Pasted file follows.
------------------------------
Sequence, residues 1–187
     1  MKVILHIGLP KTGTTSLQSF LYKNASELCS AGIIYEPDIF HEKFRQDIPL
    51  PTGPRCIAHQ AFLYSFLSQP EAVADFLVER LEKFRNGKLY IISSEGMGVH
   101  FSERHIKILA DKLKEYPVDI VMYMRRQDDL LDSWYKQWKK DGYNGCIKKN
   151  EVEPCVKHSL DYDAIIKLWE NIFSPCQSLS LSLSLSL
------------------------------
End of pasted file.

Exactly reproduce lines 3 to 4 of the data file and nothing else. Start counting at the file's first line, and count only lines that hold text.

    51  PTGPRCIAHQ AFLYSFLSQP EAVADFLVER LEKFRNGKLY IISSEGMGVH
   101  FSERHIKILA DKLKEYPVDI VMYMRRQDDL LDSWYKQWKK DGYNGCIKKN